He literally just explained that Regina went to “a special school” and now she’s going to “regular school”, but sure, wet your knickers over his cleverness. He just recited a fact, but sure… wait, maybe that’s it. Jessica doesn’t really do facts. She only does feelings. Her feelings trump facts. Maybe facts are so alien to her that she thinks they’re clever?

[Wing: I suppose compared to her previous SVH boyfriends, he hasn’t shown his ass yet.]

Jessica says she’s president of Pi Beta Alpha and will get Regina in. 1) Nicholas says Regina doesn’t need her pity; 2) guess that whole “this is my last chance to join” from Robin was just bullshit then? [Wing: Duh. Robin didn’t have a brother Jessica is trying to impress. Plus, you know, fattie.]

Naturally, Jessica turns it around with Nicholas and he thinks she’s just lovely.

[Raven: The whole scene that introduces Nicholas Morrow has serious Interview With A Vampire vibes. He’s a creepy fucking doyle that stinks of super-serious Lestat, shimmying down the mansion’s wide staircase clad in ruffs and brocade.]

Now we get to Elizabeth. We get a reminder of how she was kidnapped, but not of her assailant. This time around, it’s freezing cold though. They’ve made a big deal of how cold it is at the moment, with Elizabeth having to blow on her hands to warm them up. This is how we know it’s serious. Sweet Valley only breaks out the cold/windy/rainy weather for the scary plots.

It takes her a moment to figure out that she’s got her hands tied behind her back and she thinks she’s in the boot of a car. Apparently if this happens, there are some things you should do. First of all, most modern cars have an opening latch on the inside. Older cars won’t, but you will find it easier to kick out the tail lights. If your hands are free, you should start waving.

Basically watch The Call. Although skip all the stupidity required to drag the plot out longer. You’re trying to save yourself, not fill 90 minutes with a paper-thin plot. (And it should go without saying, but don’t take your top off to do the final beatdown of your abductor in your bra. You can be empowered just fine with a shirt on.)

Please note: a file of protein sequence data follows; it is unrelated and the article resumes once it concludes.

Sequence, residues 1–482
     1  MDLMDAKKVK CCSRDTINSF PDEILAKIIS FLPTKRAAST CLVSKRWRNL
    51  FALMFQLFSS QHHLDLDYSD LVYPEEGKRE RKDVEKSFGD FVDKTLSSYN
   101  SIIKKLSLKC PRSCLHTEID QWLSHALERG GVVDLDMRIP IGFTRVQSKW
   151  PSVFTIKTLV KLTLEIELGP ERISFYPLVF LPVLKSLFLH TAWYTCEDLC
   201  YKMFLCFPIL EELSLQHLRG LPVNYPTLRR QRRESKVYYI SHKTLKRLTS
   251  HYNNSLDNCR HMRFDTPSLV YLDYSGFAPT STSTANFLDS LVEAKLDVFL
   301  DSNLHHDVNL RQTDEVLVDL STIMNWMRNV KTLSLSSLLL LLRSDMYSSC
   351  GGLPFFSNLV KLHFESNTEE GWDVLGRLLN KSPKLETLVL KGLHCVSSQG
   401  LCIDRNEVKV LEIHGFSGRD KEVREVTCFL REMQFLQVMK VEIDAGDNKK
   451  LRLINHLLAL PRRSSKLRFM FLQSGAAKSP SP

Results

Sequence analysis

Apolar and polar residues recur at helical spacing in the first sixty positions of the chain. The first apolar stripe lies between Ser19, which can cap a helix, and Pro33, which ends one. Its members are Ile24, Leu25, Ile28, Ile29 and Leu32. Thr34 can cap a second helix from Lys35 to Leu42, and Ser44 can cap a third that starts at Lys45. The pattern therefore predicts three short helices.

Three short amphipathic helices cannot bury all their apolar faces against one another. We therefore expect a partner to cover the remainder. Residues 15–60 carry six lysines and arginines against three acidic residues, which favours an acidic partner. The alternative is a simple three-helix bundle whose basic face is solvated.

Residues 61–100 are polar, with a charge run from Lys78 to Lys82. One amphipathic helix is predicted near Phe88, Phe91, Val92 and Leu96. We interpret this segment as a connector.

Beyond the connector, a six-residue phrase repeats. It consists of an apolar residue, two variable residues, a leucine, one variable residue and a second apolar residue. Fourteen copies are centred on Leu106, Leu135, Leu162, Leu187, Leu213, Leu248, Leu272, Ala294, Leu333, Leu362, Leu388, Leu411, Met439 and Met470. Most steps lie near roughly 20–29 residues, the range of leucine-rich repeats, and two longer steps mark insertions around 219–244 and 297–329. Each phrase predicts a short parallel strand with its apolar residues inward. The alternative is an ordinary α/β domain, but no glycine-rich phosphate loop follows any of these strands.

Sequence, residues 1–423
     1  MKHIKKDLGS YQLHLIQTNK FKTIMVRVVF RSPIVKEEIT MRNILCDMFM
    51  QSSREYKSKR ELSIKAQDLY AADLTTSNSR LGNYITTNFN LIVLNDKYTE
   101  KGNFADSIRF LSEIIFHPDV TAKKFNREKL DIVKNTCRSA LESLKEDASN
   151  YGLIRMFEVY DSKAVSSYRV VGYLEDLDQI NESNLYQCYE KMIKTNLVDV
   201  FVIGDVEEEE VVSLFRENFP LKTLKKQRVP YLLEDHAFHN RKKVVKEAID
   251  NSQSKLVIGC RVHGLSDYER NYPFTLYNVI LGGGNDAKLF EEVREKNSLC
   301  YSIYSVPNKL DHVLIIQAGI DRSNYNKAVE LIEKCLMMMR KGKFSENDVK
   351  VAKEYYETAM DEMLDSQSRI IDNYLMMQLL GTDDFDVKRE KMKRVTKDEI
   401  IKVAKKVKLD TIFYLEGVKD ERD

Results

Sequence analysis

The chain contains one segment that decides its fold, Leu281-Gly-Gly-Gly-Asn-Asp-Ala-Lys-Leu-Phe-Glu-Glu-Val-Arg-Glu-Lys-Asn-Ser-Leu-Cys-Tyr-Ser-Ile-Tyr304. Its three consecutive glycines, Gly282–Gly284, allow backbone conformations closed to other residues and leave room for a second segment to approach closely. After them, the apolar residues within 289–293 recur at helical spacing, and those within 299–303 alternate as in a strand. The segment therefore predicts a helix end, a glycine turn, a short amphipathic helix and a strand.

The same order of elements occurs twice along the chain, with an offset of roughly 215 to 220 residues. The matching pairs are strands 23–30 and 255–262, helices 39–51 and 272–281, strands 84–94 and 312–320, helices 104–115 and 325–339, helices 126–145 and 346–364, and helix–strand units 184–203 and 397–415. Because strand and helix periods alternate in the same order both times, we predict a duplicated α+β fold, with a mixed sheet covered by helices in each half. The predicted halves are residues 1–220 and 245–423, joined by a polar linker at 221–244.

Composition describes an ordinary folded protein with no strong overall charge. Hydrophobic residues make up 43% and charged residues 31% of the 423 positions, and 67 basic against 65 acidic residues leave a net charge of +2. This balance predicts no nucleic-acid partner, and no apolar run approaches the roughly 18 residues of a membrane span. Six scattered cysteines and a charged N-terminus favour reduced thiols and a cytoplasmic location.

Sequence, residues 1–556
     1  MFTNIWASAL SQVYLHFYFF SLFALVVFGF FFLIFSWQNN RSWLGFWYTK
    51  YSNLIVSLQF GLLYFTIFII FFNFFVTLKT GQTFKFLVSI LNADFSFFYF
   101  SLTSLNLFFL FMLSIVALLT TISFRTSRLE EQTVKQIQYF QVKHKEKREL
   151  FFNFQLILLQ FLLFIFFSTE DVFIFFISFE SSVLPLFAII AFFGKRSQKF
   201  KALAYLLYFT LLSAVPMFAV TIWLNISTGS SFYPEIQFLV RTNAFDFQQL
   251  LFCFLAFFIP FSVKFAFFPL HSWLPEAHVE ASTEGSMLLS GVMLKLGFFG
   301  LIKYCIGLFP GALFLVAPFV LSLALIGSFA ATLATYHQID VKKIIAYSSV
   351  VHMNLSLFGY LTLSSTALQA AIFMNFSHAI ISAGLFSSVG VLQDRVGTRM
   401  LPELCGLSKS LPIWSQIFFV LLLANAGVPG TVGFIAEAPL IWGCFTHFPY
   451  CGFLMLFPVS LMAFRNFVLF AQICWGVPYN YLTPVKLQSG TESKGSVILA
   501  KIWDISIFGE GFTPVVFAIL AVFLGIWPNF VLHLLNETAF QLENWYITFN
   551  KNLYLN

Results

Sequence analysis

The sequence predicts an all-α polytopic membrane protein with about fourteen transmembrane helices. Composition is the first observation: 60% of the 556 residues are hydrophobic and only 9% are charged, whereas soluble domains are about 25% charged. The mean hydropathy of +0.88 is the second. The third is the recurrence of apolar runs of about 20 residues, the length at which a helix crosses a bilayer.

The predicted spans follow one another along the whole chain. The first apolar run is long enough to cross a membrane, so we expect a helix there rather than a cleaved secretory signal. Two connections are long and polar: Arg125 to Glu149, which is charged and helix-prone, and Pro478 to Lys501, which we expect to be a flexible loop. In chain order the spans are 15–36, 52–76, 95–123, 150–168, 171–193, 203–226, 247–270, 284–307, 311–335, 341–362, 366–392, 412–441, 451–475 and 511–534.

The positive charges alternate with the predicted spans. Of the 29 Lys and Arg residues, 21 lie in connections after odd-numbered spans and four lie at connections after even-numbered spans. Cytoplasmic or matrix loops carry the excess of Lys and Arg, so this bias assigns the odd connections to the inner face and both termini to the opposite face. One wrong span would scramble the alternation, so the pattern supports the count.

Oh. She’s in the back of a van. Well, that’s easy. Wiggle your legs through your tied hands – remember, Elizabeth claims that she takes good care of her body, so she won’t have any problem with that – bite the ropes untied, and swing open the van door and start screaming. Hell, you don’t even need your hands untied for that.

Oh. She tries to scream and passes out instead. Weakling.

(You guys know that if it was any other series, I’d be more respectful and not victim-blamey, right?)

[Raven: The whole Kidnapping portion of this book is profoundly dull. Such a shame.]

Now it cuts to Max Dellon waiting for his tutor to show up. An hour ago. You see Jessica got to the party at eight, and now it’s 7:00pm. Oooh, it’s so high-octane with the smash-cuts. Max reads a line from Othello and feels stupid. Raven and Wing can tell me if Othello has any relevance to a white girl getting kidnapped by a hospital orderly. [Raven: Nah. It’s about jealousy and betrayal, and not incest.]

The chapter then wastes 1,200 words detailing why Max requires tutoring. I’ll summarise for you: he slacks off at school because he’s super into music.

By 9:40pm he is very worried. He’s totes going to fail his last-chance English test on Othello if Elizabeth doesn’t show up soon.

Also. Bit worrying. That girl is a saint, I tell you. A SAINT THAT CAN TELL TIME.

He sneaks off on his motorbike to find her.

(Wouldn’t it be delightfully lolzy if he got into a motorbike accident? I mean, we’ve got the Super Chiller bad weather going on right now. And Todd managed to drag Elizabeth’s helmetless skull along the tarmac in perfect conditions.)